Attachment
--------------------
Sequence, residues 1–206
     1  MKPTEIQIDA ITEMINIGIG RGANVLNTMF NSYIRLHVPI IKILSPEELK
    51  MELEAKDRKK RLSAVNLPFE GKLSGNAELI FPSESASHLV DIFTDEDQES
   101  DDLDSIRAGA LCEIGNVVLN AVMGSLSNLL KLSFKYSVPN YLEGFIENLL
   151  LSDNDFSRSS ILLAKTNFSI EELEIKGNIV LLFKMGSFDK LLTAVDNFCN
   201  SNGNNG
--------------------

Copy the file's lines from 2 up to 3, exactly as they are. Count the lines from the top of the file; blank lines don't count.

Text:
     1  MKPTEIQIDA ITEMINIGIG RGANVLNTMF NSYIRLHVPI IKILSPEELK
    51  MELEAKDRKK RLSAVNLPFE GKLSGNAELI FPSESASHLV DIFTDEDQES